Cheim & Read is pleased to announce an exhibition of auto-portrait Polaroids by Robert Mapplethorpe from the years 1972-1974. Most of these have never been exhibited before.
Robert Mapplethorpe was born in 1946, the third of six children. He remembered a very secure childhood on Long Island, which he summed up by saying, "I come from suburban America. It was a very safe environment, and it was a good place to come from in that it was a good place to leave." He received a B.F.A. from Pratt Institute in Brooklyn, where he produced artwork in a variety of media. He had not taken any of his own photographs yet, but he was making art that incorporated many photographic images appropriated from other sources, including pages torn from magazines and books. This early interest reflected the importance of the photographic image in the culture and art of our time, including the work of such notable artists as Andy Warhol, whom Mapplethorpe greatly admired.
Mapplethorpe took his first photographs soon thereafter, using a Polaroid camera. He did not consider himself a photographer, but wished to use his own photographic images in his paintings, rather than pictures from magazines. "I never liked photography," he is quoted as saying, "Not for the sake of photography. I like the object. I like the photographs when you hold them in your hand."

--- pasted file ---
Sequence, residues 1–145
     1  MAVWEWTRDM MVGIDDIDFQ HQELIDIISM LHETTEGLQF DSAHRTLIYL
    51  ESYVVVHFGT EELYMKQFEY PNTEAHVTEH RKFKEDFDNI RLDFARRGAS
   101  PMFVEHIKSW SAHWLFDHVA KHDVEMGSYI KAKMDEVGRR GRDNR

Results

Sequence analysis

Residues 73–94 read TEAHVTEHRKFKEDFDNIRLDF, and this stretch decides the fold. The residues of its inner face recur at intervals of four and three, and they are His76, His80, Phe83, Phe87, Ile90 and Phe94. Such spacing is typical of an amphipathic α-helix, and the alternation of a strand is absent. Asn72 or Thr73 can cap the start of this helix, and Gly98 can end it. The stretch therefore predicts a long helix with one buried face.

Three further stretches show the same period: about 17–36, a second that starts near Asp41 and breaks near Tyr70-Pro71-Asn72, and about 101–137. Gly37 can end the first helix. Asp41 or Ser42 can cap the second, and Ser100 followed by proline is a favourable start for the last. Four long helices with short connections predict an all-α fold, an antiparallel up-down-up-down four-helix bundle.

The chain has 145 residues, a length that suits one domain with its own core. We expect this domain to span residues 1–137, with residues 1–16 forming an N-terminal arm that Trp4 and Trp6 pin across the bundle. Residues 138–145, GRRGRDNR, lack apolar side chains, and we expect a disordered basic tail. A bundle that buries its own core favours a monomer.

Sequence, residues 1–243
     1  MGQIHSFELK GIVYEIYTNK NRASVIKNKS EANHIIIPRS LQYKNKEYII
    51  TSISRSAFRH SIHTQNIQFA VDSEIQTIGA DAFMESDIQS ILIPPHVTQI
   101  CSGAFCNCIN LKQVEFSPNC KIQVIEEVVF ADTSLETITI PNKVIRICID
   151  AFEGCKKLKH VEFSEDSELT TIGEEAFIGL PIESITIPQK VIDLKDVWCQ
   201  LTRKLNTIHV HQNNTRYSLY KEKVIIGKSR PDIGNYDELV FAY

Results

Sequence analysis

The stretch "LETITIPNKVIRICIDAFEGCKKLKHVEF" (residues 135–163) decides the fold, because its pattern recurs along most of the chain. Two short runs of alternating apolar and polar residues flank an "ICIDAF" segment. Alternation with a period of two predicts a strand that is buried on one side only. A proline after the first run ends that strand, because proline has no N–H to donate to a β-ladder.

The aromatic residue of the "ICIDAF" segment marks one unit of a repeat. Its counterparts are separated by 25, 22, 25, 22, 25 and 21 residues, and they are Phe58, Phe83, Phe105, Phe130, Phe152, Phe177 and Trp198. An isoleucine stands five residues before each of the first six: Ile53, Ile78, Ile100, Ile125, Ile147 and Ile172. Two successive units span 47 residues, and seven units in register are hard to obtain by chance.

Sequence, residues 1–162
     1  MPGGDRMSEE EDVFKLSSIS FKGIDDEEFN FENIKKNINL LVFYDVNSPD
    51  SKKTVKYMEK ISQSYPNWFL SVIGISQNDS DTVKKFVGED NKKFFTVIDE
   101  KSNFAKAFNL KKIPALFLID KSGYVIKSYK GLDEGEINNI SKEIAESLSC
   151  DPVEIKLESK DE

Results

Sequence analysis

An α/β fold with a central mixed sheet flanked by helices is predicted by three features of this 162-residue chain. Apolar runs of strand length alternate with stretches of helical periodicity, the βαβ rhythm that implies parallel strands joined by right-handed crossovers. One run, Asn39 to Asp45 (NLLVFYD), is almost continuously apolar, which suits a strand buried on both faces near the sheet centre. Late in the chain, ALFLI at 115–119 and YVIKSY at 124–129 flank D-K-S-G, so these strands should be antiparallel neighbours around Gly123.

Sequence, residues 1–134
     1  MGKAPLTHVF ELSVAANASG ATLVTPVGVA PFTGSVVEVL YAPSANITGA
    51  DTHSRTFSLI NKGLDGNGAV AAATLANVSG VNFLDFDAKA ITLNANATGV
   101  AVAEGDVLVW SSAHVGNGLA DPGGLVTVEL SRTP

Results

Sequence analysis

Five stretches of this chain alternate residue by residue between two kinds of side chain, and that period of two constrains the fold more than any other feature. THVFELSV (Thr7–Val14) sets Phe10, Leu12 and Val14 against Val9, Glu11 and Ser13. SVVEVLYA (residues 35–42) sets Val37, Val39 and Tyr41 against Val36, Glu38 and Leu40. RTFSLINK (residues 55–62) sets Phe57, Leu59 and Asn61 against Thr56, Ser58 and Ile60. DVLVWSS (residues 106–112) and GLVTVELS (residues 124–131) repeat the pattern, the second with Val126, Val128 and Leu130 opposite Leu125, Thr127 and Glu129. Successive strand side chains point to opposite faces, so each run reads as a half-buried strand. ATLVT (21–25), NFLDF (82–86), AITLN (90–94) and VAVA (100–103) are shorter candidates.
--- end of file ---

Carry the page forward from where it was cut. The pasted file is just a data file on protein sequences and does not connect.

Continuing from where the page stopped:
In an essay that accompanies the exhibition, Richard Marshall, who curated the 1988 Robert Mapplethorpe retrospective at the Whitney Museum of American Art, compares these self-portraits to the work of Acconci, Nauman, Burden and Barney and concludes:
Robert Mapplethorpe's series of auto-portraits confirms his aesthetic alignment with other artists of his generation as they collectively shifted the direction of late twentieth-century art. Although self-portraiture has been of interest to artists for centuries, at the beginning of the 1970s Mapplethorpe introduced issues of identity, self, gender, body-as-sculpture, and body-as-organism into the contemporary artistic idiom that continue to have reverberations into the present.